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J Neurosci Res. 1999 Jun 15;56(6):595-603.

Independent mechanisms of potassium clearance by astrocytes in gliotic tissue.

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Department of Physiology and Saskatchewan Stroke Research Center, University of Saskatchewan, Saskatoon, Canada.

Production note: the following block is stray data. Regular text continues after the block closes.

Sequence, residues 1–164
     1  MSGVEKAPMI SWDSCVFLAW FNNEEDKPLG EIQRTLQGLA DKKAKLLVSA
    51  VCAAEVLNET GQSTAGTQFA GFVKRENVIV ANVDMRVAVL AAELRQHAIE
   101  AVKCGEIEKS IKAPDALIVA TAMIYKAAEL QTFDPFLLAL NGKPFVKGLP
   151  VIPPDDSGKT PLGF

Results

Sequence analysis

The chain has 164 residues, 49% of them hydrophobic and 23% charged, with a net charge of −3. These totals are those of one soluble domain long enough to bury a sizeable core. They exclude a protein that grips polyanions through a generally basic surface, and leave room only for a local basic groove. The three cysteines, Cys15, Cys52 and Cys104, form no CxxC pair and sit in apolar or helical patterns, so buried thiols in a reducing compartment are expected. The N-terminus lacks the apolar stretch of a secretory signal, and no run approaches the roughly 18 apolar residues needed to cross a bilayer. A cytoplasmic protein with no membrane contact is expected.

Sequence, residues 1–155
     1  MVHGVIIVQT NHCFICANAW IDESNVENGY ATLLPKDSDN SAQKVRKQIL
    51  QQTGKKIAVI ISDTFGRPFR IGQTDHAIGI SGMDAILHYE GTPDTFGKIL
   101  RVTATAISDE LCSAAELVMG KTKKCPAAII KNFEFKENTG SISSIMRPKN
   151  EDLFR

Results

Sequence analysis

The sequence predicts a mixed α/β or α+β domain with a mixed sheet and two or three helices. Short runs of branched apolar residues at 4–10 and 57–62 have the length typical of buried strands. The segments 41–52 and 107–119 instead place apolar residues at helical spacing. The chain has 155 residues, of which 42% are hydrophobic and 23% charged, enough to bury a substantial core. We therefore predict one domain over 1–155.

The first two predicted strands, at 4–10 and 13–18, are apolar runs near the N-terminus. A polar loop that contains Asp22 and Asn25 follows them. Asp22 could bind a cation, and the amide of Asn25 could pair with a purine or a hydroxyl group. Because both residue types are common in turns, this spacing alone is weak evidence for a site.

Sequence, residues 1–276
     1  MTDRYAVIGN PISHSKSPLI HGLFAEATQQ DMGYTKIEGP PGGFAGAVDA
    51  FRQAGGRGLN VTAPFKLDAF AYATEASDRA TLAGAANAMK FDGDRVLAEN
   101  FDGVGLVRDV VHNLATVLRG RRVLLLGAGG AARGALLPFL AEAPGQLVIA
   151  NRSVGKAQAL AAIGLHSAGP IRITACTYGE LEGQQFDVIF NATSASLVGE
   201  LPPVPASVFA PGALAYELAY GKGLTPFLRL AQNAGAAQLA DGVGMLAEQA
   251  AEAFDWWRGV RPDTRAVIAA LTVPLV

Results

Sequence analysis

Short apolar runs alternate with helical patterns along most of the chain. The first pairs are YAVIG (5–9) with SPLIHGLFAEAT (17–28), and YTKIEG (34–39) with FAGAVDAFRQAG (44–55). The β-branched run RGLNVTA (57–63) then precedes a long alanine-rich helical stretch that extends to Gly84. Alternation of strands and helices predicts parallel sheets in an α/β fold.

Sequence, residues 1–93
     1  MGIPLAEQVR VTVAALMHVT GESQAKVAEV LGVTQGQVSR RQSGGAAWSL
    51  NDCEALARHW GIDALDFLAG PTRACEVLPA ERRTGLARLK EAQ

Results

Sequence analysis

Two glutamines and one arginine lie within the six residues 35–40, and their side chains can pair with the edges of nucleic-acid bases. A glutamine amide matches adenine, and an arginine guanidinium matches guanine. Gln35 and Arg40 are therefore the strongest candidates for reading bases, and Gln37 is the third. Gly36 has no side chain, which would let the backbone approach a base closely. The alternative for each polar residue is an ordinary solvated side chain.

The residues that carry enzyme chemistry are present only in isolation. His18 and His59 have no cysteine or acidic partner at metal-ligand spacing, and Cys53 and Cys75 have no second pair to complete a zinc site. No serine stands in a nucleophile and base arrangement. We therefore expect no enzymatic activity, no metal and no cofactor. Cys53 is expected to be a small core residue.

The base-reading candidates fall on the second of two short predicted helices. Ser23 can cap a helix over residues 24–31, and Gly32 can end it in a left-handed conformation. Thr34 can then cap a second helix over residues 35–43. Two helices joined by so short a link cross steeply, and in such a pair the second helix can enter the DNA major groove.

The "glial impairment hypothesis" states that astrocytes which change from normal into the reactive type lose their ability to clear extracellular K+, which in turn leads to hyperexcitability in the gliotic tissue. As this hypothesis was never proven or disproven, the question of glial efficiency in K+ clearance in gliotic tissue is still controversial, mainly due to the lack of direct measurements of the intracellular K+ concentration of reactive astrocytes. In order to investigate K+ accumulation by glial cells of gliotic tissue, we used hippocampal slices. Adult rats, previously treated with kainic acid, exhibited loss of neurons and gliosis in the CA1 layer of the hippocampus within 3 days. After this time period, double-barrelled microelectrodes were used to inject Lucifer yellow into cells of the stratum radiatum of the CA1 subfield in 400-microm-thick hippocampal slices. These cells had electrophysiological and morphological characteristics of astrocytes. Most injected cells (70%) were dye-coupled to other cells and were glial fibrillary acidic protein (GFAP)-positive (80%). We found, however, that GFAP-positive cells were dye-coupled not only to each other, but also to GFAP-negative cells. In another set of experiments, we investigated the glial membrane potential during reduction of the extracellular Cl-concentration and the use of the Cl- channel blocker 4,4'-diisothiocyanostilbene-2,2' disulphonic acid (DIDS). The results suggest that reactive astrocytes have a significant resting Cl- conductance. K+-selective microelectrodes were used to analyze the intracellular glial K+ concentration. When the extracellular K+ concentration was increased from 3.5 mM to 10 mM, the intracellular K+ concentration increased by 23 mM. Experiments in which different ion transport systems were blocked with ouabain and DIDS suggest that this increase is dependent on two mechanisms, which can substitute each other: the Na+, K+-ATPase and passive K+ and anion fluxes. Inhibition of either of the two mechanisms did not block the K+ uptake. If, however, the Na+, K+-ATPase and Cl- channels were inhibited at the same time, the net accumulation of K+ was blocked. It appears, therefore, that astrocytes in the gliotic stratum radiatum of the hippocampal slice have the capacity to limit increases in extracellular K+ that are produced by hyperactive surviving hippocampal neurons by passive mechanisms and hence independently of blood and oxygen supply.

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